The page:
For Most With Diabetes, Revascularization Can Wait



ORLANDO – Virtually no patients with type 2 diabetes and documented coronary artery disease and coronary ischemia benefit from immediate coronary revascularization, as long as they receive intensive medical management, based on the outcomes of more than 1,000 patients who were randomized to the deferred revascularization arm of the BARI 2D trial.

The only possible exception to this approach are the rare patients who initially present with severe or unstable angina and proximal left anterior descending (LAD) artery disease, a small group accounting for just 2% of these patients, Dr. Ronald J. Krone said at the annual scientific sessions of the American Heart Association. Even in this small subgroup with the worst chance of avoiding revascularization, eventual coronary bypass surgery or percutaneous coronary intervention (PCI) is not an absolute. Among the 21 patients with this initial presentation at study entry (of the total 1,192 who were randomized to the deferred revascularization arm), 50% continued to avoid revascularization 6 months later, and 29% had still not undergone revascularization 5 years after the study began, said Dr. Krone, an interventional cardiologist and professor of medicine at Washington University, St. Louis.

Dr. Ronald J. Krone

"What it comes down to is that there is no group you can identify up front" that unequivocally needs immediate revascularization," Dr. Krone said in an interview. "We could not identify patients who will need revascularization at a high enough rate to warrant initial revascularization, with the possible exception" of the small proximal LAD and severe angina subgroup. "Even in the worst patients, you can intervene later. We used to be afraid that if we didn’t [revascularize these patients] they would drop dead or have a big myocardial infarction, but that didn’t happen. These results give us confidence that you don’t need to intervene on every tight lesion."

Today, a physician or surgeon can’t say "’I have to revascularize, because it’s the best I can do’" for these patients. Instead, the onus is to intensively treat these patients medically, especially patients with diabetes, Dr. Krone said. This strategy includes optimal control of hypertension, lipids, glycemia, and intensive lifestyle intervention with exercise, diet, and smoking cessation.

The analysis he presented focused on patients enrolled in the BARI 2D (Bypass Angioplasty Revascularization Investigation in Type 2 Diabetes), which randomized a total of 2,368 patients with diabetes and documented coronary ischemia and stenosis suitable for an elective intervention. The researchers put all these patients on an intensive medical management regimen, and also randomized them to either immediate or deferred revascularization. The study’s primary results showed absolutely identical 5-year outcomes in the two groups, with a mortality rate of 12% in each arm of the study, and a combined rate of death, MI, or stroke of 23% in the immediate revascularization patients and 24% in those with deferred intervention (N. Engl. J. Med. 2009;360:2503-15).

Among the 1,192 patients in the deferred subgroup, 13% required PCI or bypass surgery after 6 months, and 40% needed revascularization after 5 years of follow-up. Within the group who eventually had revascularization, 47% required it for worsening angina, 23% because of an acute coronary syndrome event, 18% for worsening ischemia, 6% for progression of their coronary disease, and the remaining 6% for another reason. The current analysis aimed to determine whether "we can identify patients with such a high likelihood of needing revascularization that it need not be deferred," Dr. Krone said.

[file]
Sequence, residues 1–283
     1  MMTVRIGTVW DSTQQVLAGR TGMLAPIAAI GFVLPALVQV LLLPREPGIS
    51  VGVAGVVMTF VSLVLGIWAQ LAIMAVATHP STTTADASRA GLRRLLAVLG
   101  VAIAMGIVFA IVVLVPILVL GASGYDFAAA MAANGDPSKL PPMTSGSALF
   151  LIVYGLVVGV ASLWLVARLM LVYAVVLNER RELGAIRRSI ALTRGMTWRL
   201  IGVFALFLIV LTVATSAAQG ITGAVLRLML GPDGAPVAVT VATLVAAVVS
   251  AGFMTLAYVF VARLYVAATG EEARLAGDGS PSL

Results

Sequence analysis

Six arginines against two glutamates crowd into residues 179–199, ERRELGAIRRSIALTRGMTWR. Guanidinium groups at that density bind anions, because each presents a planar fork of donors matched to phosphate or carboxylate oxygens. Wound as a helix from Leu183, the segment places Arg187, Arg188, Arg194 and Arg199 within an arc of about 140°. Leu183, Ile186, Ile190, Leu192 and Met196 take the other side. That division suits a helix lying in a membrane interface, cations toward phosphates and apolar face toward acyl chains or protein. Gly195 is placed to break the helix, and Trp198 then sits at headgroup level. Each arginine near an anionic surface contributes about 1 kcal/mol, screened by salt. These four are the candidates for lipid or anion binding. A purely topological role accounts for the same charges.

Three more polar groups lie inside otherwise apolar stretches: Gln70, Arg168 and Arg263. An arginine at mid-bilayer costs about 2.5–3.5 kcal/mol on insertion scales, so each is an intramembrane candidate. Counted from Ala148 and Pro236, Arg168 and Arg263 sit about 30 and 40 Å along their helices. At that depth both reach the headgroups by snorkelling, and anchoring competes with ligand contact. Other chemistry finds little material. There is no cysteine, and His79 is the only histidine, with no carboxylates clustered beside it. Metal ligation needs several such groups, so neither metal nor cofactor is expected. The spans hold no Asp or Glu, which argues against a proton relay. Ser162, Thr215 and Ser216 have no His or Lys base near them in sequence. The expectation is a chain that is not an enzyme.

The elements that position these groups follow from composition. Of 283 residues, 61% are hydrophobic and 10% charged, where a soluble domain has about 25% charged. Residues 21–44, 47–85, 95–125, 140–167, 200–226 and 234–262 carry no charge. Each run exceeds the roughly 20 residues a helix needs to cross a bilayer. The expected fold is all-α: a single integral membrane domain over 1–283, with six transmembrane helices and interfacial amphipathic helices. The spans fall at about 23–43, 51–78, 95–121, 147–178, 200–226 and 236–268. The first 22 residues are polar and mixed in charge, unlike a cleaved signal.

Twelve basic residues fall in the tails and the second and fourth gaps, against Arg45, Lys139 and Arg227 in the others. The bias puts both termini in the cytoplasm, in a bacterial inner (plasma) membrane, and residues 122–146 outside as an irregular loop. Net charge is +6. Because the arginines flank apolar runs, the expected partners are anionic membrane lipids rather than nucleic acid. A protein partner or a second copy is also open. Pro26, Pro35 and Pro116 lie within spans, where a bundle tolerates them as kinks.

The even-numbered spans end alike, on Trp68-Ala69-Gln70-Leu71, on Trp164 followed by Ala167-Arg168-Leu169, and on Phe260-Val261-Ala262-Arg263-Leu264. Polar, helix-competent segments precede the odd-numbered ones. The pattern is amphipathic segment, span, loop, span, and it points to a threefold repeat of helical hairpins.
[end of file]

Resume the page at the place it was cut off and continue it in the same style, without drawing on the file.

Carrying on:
The average age of the patients in the deferred revascularization group was 62 years; 30% were women, 28% were on insulin treatment, 17% had a left ventricular ejection fraction below 50%, and 13% had proximal LAD coronary disease. Their average duration of type 2 diabetes was 11 years.

A multivariate analysis that controlled for age, sex, race, and nationality identified five factors that were linked with a significantly increased rate of revascularization after 6 months: class III or IV stable angina, unstable angina, a systolic blood pressure of 100 mm Hg or less, a blood triglyceride level of 100 mg/dL or less, and proximal LAD disease. These factors were linked with anywhere from a 3.8-fold increased rate of revascularization (in patients with systolic hypotension, compared with patients with a systolic pressure greater than 100 mm Hg) to a 75% increased rate (in patients with proximal LAD disease, compared with those without LAD disease). However, none of these increased rates appeared to justify performing routine, upfront revascularization.

The 5-year multivariate analysis produced similar results. It identified nine baseline factors that each significantly linked with a significantly increased rate of revascularization during 5-year follow-up: class I or II stable angina, class III or IV stable angina, unstable angina, systolic blood pressure of 101-120 mm Hg, a systolic pressure of 100 mm HG or less, a blood triglyceride level of 100 mg/dL or greater, proximal LAD disease, having two diseased coronary regions, or having three diseased coronary regions. The increased rates associated with these features ranged from a 90% increased revascularization rate (in patients with class III or IV stable angina, compared with patients without angina), to a 28% increased revascularization rate (in patients with class I or II stable angina at baseline). Again, none of these increased rates appeared to justify uniform, upfront revascularization, Dr. Krone said.


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